Teachers union gives big boost to pension-smoothing plan (UPDATED)

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As they fight Gov. Andrew Cuomo in court on the state’s property-tax cap, New York’s largest teachers union is backing his proposal plans to smooth pension costs for local governments and school districts, urging its members to ask their legislators to support it.

In an email Tuesday to members, New York State United Teachers Executive Vice President Andrew Pallotta said Cuomo’s a pension-smoothing plan is a “practical solution” to prevent short-term spikes in contribution rates. NYSUT members occupy three spots on the 10-member board that manages the New York State Teachers Retirement System, an $88 billion pension fund.

Cuomo, in his budget proposal, proposed a plan to allow local entities to lock in a pension rate for 25 years, essentially allowing them to pay less than the current rate now and more in the future. The plan would be optional.

The overseers of the state’s pension funds would have to sign off on the plan. State Comptroller Thomas DiNapoli, who is the sole trustee of the state’s main $150 billion fund, has said he’s studying the issue and hasn’t taken a position.

But the teachers fund is controlled by the 10-member board, which includes the three current NYSUT members and one retired teacher.

“If left unchecked, a cost increase of this size would devastate school districts and force further program cuts onto our student population,” Pallotta wrote. “Pension smoothing could be the solution.”

UPDATE: NYSUT spokesman Carl Korn points out the union supports a pension-smoothing plan, but not necessarily Cuomo’s plan. The union is “still studying the pros and cons” of Cuomo’s proposal, Korn said.

Cuomo’s plan remains the only smoothing option that has been proposed this year.

The teachers pension fund has taken a cautious approach as it studies Cuomo’s proposal, hiring an outside consultant to analyze the potential impact on the fund.

Other labor unions, however, have expressed concern with Cuomo’s plan. The state Civil Service Employees Association, New York’s largest public workers union, called Cuomo’s proposal a “a bait and switch scheme … that will allow public employers to underfund their pension obligations.”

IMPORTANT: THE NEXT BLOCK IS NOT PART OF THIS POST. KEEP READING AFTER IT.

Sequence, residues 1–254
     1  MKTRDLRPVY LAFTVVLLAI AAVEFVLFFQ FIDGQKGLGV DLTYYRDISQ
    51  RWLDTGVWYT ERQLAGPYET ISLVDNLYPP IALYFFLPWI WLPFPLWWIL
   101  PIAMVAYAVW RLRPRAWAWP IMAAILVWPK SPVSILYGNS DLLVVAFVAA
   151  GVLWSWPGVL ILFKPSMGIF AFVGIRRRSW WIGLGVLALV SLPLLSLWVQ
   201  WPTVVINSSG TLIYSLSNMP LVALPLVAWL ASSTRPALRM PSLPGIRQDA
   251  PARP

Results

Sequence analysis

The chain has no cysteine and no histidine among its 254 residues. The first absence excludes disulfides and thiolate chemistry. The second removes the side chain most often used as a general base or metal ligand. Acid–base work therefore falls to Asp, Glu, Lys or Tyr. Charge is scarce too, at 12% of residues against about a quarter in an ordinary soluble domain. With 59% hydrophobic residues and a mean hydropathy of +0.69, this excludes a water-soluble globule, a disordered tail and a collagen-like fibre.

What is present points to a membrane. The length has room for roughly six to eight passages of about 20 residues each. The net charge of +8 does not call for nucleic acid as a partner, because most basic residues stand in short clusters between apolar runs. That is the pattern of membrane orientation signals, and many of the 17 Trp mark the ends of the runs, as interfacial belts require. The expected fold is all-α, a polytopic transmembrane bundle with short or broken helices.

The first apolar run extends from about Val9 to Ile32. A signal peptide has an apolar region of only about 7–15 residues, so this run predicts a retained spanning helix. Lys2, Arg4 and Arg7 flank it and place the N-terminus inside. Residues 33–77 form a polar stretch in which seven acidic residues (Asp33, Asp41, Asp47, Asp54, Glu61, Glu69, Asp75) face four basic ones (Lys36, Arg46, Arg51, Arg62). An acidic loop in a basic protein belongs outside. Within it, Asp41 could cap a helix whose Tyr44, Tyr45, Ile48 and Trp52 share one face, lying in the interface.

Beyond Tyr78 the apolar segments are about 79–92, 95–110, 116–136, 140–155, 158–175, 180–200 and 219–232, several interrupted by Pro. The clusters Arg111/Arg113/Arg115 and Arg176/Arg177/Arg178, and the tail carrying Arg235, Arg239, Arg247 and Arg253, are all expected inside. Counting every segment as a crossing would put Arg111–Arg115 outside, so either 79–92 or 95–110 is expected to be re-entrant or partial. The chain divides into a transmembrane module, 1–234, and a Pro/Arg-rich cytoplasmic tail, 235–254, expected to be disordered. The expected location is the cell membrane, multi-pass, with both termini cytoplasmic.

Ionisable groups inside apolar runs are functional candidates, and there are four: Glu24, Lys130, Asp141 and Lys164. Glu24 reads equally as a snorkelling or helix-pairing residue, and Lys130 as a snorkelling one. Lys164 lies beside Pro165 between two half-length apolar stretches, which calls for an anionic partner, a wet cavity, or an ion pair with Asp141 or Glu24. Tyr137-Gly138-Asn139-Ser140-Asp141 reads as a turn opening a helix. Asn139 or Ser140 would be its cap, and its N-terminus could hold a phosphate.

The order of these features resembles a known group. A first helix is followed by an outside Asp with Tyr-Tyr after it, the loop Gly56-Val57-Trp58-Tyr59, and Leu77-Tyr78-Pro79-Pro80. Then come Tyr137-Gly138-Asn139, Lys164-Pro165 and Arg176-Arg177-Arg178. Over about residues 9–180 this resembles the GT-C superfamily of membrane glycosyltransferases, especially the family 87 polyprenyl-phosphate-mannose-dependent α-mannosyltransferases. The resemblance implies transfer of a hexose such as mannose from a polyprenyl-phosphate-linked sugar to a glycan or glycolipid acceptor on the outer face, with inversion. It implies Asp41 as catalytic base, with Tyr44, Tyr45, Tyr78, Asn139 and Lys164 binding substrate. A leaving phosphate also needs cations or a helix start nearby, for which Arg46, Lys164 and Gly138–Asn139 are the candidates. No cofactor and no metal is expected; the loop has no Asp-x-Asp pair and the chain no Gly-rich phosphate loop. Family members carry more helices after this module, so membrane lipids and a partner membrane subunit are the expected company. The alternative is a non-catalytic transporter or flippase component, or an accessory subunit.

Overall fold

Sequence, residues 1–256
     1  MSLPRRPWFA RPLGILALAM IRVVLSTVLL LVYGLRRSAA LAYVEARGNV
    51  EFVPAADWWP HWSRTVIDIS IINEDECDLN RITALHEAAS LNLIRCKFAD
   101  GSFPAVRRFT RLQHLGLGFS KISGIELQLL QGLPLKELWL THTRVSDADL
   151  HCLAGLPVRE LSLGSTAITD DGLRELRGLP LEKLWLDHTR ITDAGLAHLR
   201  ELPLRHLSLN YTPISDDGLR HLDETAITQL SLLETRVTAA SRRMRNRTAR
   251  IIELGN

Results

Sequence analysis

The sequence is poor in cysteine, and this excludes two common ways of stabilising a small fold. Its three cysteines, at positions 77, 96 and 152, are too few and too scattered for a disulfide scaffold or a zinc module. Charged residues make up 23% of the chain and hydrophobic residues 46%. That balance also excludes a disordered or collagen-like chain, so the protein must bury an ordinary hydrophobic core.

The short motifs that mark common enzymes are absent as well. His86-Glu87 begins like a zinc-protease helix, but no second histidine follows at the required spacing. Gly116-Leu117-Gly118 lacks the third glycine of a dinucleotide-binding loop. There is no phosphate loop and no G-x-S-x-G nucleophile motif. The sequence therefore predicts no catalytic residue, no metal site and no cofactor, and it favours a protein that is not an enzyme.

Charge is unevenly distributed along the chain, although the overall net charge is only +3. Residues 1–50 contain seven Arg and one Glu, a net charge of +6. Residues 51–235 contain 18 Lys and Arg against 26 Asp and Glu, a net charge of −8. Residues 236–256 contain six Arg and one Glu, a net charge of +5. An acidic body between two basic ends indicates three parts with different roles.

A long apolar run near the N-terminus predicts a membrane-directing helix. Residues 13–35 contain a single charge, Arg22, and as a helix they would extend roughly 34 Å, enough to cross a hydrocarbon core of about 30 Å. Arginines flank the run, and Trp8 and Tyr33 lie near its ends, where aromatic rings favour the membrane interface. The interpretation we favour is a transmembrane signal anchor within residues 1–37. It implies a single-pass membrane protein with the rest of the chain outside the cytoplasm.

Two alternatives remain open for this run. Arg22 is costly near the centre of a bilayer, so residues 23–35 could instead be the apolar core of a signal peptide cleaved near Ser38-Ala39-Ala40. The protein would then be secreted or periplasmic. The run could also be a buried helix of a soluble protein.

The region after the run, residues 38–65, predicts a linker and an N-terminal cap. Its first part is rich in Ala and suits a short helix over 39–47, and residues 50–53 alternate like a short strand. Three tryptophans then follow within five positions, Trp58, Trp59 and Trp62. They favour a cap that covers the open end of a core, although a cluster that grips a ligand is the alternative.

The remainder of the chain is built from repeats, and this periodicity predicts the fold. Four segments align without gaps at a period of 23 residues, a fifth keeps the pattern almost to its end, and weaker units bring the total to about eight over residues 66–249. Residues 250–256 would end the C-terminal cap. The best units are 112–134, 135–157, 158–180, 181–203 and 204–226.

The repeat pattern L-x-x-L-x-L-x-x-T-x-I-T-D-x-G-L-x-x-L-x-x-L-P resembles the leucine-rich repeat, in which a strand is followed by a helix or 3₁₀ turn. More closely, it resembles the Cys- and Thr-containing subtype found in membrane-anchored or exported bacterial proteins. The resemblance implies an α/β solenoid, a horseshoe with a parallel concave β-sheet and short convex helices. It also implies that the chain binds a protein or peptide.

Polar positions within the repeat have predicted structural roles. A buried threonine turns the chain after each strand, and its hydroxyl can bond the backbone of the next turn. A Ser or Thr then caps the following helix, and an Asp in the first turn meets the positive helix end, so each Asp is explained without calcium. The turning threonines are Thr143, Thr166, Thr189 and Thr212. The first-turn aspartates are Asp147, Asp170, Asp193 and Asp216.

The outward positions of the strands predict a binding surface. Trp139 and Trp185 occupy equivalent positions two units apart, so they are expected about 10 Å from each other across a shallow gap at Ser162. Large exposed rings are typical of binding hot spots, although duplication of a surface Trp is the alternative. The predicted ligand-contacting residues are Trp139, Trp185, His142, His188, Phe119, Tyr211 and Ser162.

Pallotta’s full letter — it kicks off with a joke — is after the jump.

What do James Bond, fine silk, and 20-year-old Scotch all have in common with the solution to temporary pension cost spikes?

One word. Smooth.

Take action now at the NYSUT Member Action Center to encourage lawmakers to allow school districts to “smooth” temporary pension cost spikes!

Pension smoothing is a practical solution to the short-term spikes in the required employer pension contribution rate that happen from time to time. In 2013-14, that spike could increase school district pension payments so dramatically that it could eat up the lion’s share of the $889 million increase in school aid included in the Executive Budget proposal.

If left unchecked, a cost increase of this size would devastate school districts and force further program cuts onto our student population. Pension smoothing could be the solution.

Take action now at the NYSUT Member Action Center to encourage lawmakers to allow school districts to “smooth” temporary pension cost spikes!

In much the same way that state and localities have utilized amortization to smooth out the temporary pension cost spike, school districts should be afforded the same financial tools to help mitigate their costs. That could save education jobs, alleviate program cuts and increase investment in education across the state.

Take action now at the NYSUT Member Action Center to encourage lawmakers to allow school districts to “smooth” temporary pension cost spikes!

In solidarity,

Andrew Pallotta
NYSUT Executive Vice President

P.S.: We’ve had enough of “slick” in Albany. It’s time for “smooth.” Please help!

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3 Comments

  1. Just let us underfund the pension fund for a little while…we promise to catch up later.

    Or, let us continue to use long-term borrowing (amortization) to pay today’s operational costs.

    Both of these tactics, if used by a consumer, would be the first signs of insolvency and poor fiscal management. What’s different? Government can make their own rules and redefine common sense terms.

    Pay your bills now. If you can’t afford to, cut your expenses. That is fiscal discipline. The simple fact is people took advantage of the good times and didn’t put enough away in savings for the bills that everyone knew were coming. Now they are trying to weasel out of it. And when has government ever repaid a promised debt in the future? There will always be a crisis to blame for extending these poor fiscal practices.

  2. sroamer, I’m with you on your “If you can’t afford to, cut your expenses” except I think we need to cut the expenses (payouts) in the plan rather than beef up the payments into it.